So I quote Mr. Sutton in my resident clinic frequently, and direct biopsy to the area of highest systemic inflammation, because “that's where the money is.” This corresponds to areas of highest uptake on gallium scan as assessed by SVS or the LUR ratio. We have generalized this principle to uptake intensity on PET scans. We biopsy the areas of highest glandular, parenchymal, or nodal uptake, taking into account relative risk of each particular biopsy site and patient preference. If the parotid gland has particularly high uptake, we may substitute a minor salivary gland biopsy of the lower lip (Fig. 4) as an initial “safe” biopsy to avoid the risk of iatrogenic damage to the facial nerve as branches traverse the parotid gland. Minor salivary biopsy is performed as an office-based procedure under local anesthesia, or can be added to increase tissue sampling when performing other procedures under anesthesia.
Given its diverse manifestations, the diagnosis of sarcoidosis, and especially neurosarcoidosis, presents a challenge to the clinician. Rather than using a 1-size-fits-all approach, such as blind biopsy of commonly involved tissues, we have, at our disposal, tools capable of tailoring the diagnostic workup to the individual patient. Chief among these tools is an advanced interpretation of imaging, including gallium or PET scans. Our patients only stand to benefit from this approach by way of fewer invasive procedures, a shortened time to diagnosis and treatment, and fewer health care dollars spent on low-yield procedures.
Rebuttal: Dr. Jirawuthiworavong
I agree with Dr. Turbin that most patients with sarcoidosis of the eye or central nervous system will require a biopsy. As for the location and the role of blind biopsies, the conjunctival blind biopsy still should not be overlooked. It has been cited in multiple studies and has extremely low morbidity.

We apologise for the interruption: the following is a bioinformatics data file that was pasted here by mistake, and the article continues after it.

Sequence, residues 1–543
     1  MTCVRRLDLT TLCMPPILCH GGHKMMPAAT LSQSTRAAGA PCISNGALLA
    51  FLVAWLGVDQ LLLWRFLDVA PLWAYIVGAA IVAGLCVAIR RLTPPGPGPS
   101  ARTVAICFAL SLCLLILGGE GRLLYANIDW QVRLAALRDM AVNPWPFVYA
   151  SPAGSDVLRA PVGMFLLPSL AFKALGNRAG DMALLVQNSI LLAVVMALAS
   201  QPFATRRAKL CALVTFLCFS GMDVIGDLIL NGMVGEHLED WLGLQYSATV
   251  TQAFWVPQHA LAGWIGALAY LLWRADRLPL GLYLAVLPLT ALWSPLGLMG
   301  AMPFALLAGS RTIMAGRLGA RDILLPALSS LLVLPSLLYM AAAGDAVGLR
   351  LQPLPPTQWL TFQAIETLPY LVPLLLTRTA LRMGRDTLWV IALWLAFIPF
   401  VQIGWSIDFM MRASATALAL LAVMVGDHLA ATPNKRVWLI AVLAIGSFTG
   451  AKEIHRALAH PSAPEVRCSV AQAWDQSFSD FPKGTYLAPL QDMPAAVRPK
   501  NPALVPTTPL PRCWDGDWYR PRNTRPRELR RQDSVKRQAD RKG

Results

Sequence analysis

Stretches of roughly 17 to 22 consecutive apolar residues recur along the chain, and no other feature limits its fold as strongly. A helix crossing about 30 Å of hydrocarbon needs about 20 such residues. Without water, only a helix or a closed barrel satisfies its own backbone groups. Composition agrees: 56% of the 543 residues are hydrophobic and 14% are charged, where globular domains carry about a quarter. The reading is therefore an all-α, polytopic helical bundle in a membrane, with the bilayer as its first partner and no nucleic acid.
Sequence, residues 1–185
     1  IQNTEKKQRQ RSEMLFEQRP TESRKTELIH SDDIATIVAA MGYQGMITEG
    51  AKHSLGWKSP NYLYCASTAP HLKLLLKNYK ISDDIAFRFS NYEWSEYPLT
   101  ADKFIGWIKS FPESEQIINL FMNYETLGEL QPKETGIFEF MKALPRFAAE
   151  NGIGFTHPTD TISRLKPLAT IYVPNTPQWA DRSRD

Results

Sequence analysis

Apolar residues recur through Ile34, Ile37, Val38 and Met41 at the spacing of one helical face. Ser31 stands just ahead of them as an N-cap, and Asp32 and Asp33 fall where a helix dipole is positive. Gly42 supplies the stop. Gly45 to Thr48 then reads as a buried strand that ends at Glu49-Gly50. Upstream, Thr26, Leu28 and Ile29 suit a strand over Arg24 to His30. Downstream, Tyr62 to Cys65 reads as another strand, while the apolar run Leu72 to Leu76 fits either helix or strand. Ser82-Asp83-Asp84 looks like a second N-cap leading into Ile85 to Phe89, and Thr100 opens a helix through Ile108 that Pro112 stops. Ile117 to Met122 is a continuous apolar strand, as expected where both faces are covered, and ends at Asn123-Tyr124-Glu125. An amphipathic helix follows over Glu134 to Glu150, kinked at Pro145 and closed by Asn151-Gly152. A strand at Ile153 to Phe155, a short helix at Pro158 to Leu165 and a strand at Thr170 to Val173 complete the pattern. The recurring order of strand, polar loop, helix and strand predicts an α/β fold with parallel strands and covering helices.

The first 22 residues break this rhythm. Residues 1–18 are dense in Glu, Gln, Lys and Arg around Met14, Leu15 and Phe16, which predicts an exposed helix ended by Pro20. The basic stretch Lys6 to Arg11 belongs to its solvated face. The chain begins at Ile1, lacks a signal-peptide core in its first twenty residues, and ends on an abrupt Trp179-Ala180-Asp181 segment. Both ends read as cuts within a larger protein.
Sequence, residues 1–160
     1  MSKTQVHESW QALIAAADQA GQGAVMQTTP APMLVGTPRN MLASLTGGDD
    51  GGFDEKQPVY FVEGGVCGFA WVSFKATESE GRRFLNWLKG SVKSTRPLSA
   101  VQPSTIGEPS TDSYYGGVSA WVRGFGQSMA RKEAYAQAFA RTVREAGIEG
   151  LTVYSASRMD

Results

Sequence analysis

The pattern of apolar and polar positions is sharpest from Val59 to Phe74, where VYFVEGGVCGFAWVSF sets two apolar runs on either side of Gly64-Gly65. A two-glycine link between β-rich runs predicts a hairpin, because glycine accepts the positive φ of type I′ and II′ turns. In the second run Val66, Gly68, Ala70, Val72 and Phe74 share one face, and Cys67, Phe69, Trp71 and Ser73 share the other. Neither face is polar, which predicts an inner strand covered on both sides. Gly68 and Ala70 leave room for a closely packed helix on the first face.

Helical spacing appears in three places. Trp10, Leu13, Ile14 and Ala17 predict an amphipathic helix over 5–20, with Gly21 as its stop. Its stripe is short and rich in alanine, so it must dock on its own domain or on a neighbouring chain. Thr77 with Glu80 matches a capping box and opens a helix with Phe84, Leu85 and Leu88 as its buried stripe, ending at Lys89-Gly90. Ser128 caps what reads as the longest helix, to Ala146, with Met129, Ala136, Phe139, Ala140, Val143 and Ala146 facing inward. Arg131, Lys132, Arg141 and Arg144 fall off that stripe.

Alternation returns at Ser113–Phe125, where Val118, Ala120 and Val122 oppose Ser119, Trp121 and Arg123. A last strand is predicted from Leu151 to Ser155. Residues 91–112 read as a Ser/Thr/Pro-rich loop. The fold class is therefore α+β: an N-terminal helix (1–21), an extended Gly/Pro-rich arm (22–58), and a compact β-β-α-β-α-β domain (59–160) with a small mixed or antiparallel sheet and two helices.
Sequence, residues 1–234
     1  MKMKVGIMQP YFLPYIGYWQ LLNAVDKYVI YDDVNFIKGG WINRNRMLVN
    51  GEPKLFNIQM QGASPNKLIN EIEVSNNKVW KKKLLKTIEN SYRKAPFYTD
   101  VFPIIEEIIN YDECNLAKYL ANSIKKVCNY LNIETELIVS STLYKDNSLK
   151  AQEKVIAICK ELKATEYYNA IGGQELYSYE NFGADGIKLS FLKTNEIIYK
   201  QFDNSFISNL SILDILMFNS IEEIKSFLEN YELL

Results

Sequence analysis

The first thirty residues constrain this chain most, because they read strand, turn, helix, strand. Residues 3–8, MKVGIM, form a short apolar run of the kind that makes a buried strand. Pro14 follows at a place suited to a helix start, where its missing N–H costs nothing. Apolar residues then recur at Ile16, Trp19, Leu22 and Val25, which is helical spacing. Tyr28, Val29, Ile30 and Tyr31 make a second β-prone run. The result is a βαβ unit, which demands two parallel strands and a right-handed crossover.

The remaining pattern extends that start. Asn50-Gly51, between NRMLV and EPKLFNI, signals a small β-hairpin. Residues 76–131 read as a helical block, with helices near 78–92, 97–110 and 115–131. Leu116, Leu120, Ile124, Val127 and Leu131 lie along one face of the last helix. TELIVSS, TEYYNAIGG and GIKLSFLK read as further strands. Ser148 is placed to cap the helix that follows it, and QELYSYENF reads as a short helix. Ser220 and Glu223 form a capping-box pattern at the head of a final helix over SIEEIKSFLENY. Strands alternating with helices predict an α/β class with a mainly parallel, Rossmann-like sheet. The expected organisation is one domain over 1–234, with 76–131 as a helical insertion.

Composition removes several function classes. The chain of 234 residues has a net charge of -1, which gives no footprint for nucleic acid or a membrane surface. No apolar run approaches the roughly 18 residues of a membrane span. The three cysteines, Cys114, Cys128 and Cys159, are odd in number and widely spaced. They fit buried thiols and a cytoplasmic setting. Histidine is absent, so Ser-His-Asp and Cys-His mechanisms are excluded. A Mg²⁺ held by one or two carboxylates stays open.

Dr. Turbin's research has shown that the use of the LUR can increase lacrimal gland biopsy positivity for diagnosing sarcoidosis. However, to calculate the LUR, an expensive gallium scan is required. I am not necessarily opposed to a gallium scan for certain patients with systemic sarcoidosis, but a gallium scan should not be an initial diagnostic study as it is very costly.
Most ophthalmologists are not comfortable performing a lacrimal gland biopsy and would have to refer the patient to a subspecialist for the procedure. By contrast, the conjunctival biopsy is a simple, quick procedure that is easy to perform. One can increase the yield of blind conjunctival biopsies by performing them bilaterally and in patients with elevated serum angiotensin-converting enzyme (ACE) and/or a chest imaging study showing hilar adenopathy (17). I would advocate that if initially the conjunctival biopsy is negative, Dr. Turbin's LUR protocol would be the next step in the work up.
As gallium scan LUR is novel, it needs to be verified with additional studies. Its availability likely is limited to only a few academic centers or health maintenance organizations. Furthermore, many clinicians may have abandoned gallium scans for PET scans because PET has shown less acquisition time, higher interobserver agreement, and lower radiation exposure (19). Research also needs to be conducted on the usefulness of LUR quantification using PET.